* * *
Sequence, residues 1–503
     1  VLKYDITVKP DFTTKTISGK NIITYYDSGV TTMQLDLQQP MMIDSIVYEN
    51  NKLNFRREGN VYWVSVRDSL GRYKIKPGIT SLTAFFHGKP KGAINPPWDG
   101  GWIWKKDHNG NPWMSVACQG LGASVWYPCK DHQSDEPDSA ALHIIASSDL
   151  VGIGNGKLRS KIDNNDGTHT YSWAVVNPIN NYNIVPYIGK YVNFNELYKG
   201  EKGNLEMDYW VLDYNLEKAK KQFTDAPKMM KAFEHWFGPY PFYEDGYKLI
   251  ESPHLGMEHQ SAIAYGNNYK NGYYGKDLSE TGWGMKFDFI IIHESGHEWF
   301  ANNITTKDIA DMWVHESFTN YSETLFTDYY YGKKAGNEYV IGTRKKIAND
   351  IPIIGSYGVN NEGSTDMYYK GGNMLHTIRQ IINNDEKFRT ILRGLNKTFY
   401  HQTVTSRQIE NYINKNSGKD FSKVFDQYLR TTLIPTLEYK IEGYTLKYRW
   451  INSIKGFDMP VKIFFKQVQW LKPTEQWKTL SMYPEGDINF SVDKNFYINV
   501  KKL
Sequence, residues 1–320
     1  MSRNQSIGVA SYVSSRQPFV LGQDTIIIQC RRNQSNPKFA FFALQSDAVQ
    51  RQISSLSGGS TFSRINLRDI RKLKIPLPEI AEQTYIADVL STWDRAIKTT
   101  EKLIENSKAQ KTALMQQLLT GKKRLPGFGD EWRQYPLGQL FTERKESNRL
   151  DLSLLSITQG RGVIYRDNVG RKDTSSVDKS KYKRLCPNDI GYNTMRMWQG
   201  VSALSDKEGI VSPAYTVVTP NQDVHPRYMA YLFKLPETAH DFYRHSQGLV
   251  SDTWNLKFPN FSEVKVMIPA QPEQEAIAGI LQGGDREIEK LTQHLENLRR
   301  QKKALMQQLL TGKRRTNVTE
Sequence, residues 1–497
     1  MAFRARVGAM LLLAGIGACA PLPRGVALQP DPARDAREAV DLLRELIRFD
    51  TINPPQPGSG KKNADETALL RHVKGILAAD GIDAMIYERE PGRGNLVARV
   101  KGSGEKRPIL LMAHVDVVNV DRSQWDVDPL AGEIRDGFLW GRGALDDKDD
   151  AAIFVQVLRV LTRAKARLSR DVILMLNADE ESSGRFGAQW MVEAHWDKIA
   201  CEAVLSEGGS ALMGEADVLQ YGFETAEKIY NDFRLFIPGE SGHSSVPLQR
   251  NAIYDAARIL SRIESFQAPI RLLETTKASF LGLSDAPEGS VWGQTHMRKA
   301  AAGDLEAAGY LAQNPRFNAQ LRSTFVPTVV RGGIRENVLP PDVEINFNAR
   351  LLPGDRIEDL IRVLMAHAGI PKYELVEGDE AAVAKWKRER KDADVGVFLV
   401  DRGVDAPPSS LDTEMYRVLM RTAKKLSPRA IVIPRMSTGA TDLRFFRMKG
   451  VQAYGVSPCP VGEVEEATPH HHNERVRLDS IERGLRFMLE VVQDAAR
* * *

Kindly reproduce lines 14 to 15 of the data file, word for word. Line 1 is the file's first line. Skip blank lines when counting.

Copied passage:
     1  MSRNQSIGVA SYVSSRQPFV LGQDTIIIQC RRNQSNPKFA FFALQSDAVQ
    51  RQISSLSGGS TFSRINLRDI RKLKIPLPEI AEQTYIADVL STWDRAIKTT